Engine Review – Stas’s 42 RE

by Brian Hampton

Here’s something you don’t see every day and I’m quite certain not in any model magazines because they seem to only do reviews/tests on engines the advertisers would like to sell but why do reviews on engines everyone knows about?

A couple of years ago I picked up the engine on the left above but after a quick look inside I decided I’d never run it (there’s a huge void in the casting directly under the rear of the crankshaft bush) and that I’d never get another. However some time later a brand new rear exhaust CL version came up on Ebay which intrigued me (I have a soft spot for RE engines) and I got it for a very reasonable price. Other than being made in Russia I have no further information on these engines, not even when they were made but I suspect possibly in the ’80’s. Luckily the RE engine was much better made! It came with the CL venturi but no needle valve so I adapted an Enya needle valve to fit.

Both engines are very similar being Schneurle ported, plain bearing with cast iron (lapped) pistons. For now though I’ll concentrate on the RE version.

At first glance it seems there’s no easy way to attach a muffler or pipe to the exhaust (same goes for the SE too) but there’s a specially designed muffler/RE stub for both types. This photo shows the RE stub. The clamp is also cast with fins as on the stub. Interestingly, one side of the engine (above) has the size in cubic inches while the other side shows it as 7cc.


The cylinder head has a fairly narrow squish band and large volume combustion chamber unlike the SE version which has a much wider squish band and smaller combustion chamber. The alloy shim is quite roughly made but does the job.


There’s nothing remarkable about the piston or liner other than the solid gudgeon pin seems to be a little on the small side. On RE engines one end at least of the gudgeon pin must be blanked off to prevent fresh mixture from the boost port escaping through the exhaust port.


The crankshaft is quite sturdy with a large counterbalance for that cast iron piston and actually runs with little vibration. The inlet port is small but there are no stress raisers (sharp machined corners) so will be most unlikely to break in that area. The somewhat rounded opening and closing sides give a comparatively milder timing than the measured timing would indicate compared to the more normal rectangular port.


My biggest concern with running this engine was that it had a pinch that was tighter than anything else I’ve ever felt. Remember that this is NOT an ABC type engine! I measured the liner taper at .05mm from BDC to TDC. Liberally dosed with castor oil I had extreme difficulty getting it over TDC even with a fast flick. I decided not to try easing the fit with lapping but just run it and see what happened. To me it seemed to be a good test for the theory that running a new ABC rich and cool will overstress the rod causing a possible break, supposedly from the piston jamming into the pinch and the rod having to pull it back out.  THIS one was going to get into that huge pinch no matter how hot it got. Or didn’t get.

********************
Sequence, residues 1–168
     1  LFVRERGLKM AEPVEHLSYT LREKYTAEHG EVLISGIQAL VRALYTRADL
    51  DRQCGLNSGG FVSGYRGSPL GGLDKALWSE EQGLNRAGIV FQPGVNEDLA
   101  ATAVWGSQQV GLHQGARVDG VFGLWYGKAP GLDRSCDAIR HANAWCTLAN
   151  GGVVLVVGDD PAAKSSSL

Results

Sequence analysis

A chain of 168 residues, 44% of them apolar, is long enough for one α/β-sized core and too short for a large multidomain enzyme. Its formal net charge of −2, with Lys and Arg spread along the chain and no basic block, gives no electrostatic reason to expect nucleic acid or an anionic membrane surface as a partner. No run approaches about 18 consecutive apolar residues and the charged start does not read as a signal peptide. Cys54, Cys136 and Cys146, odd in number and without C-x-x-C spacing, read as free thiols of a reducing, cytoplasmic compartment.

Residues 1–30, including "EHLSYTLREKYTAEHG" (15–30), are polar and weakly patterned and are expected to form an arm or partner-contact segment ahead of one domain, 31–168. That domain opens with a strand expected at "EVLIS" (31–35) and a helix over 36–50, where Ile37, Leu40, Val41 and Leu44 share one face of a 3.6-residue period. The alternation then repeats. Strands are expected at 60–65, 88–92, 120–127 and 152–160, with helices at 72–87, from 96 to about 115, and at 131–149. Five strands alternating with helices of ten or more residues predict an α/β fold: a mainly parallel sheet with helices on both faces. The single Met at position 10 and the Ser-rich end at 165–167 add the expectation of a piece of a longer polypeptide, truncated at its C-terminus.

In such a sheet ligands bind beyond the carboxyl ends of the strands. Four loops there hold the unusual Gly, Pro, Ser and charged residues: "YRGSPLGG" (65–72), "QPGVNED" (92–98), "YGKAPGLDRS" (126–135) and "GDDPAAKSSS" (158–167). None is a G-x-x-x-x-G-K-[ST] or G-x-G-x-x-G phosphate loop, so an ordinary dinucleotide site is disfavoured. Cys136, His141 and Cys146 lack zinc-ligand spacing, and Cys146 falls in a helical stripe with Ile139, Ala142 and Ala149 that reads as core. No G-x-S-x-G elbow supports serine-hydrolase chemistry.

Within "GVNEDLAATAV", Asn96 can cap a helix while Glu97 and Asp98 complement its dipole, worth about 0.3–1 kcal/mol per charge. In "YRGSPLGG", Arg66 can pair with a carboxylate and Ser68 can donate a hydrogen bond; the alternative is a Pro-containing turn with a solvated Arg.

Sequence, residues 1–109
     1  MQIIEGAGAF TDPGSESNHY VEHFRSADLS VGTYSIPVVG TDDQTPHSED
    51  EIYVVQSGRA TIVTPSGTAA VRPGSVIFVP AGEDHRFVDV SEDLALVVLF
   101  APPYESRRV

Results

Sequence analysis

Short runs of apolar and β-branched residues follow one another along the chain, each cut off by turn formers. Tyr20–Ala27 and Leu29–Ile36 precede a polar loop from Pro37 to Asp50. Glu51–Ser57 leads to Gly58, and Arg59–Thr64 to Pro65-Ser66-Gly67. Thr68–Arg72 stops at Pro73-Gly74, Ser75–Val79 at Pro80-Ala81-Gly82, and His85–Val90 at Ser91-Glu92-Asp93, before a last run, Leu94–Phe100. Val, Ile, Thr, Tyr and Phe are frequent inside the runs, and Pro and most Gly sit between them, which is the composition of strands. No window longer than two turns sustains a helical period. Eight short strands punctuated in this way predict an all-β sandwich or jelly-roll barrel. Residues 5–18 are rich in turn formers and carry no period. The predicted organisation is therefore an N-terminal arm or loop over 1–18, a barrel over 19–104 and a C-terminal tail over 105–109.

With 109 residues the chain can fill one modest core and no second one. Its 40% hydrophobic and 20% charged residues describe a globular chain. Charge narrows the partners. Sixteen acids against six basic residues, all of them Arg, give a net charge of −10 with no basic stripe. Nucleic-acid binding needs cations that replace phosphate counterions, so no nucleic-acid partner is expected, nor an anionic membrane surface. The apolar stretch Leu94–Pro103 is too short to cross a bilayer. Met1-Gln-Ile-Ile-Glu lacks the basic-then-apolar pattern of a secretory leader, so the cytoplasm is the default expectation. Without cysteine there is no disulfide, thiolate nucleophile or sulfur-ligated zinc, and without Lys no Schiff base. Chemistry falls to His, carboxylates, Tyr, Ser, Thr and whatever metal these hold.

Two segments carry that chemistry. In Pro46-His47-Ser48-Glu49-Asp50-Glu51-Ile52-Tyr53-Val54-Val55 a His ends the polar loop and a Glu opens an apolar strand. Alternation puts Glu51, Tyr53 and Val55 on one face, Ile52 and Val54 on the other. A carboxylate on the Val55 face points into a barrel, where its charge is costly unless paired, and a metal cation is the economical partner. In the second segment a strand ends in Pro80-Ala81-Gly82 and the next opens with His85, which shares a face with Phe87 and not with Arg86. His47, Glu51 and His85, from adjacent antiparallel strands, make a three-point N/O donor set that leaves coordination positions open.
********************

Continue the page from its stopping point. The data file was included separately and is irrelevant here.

So onto the test stand, initially with the SE engine’s muffler which of course then pointed sideways. Fuel was 75/25 all castor and an 11×4 prop. As suspected, it was a bear to start because of that pinch but eventually I found a way to get the starter to spin it over enough to fire. Once running it was smooth as silk and extremely rich as needs be for lapped pistons, 6000 revs and a head temp of 63C (146F). At the end of the third tank I fitted the stub exhaust and attached a tuned pipe but set very long so it acted as just a muffler. Surprisingly this reduced head temp to 53C (128F) showing that the muffler was very restrictive. For about the first hour, every time the engine ran out of fuel (and going to near peak revs for a couple of seconds) the piston would lock into the pinch but it took around another 30 minutes before I was able to hand start it past the pinch.

Tuning is incredibly easy with about one turn of the needle needed to go from 6000 revs to 11,900 at which point it begins its transition into a 2 stroke until a steady 2 stroke begins at 12,000 revs. As for all that pinch and the rod, there’s been no detectable change in the rod bearing clearances and it most certainly has NOT broken the rod. With all my initial doubts about this engine I’m really starting to like it.

Some specifications

Capacity..6.87cc/.42cub inch
Weight (with exhaust stub)..330gm/11.64oz
Compression ratio 6.73:1

Port timings;
Exhaust opens 83 BBDC
Transfer opens 69 BBDC
Boost opens 65 BBDC
Inlet opens 50 ABDC
Inlet close 40 ATDC

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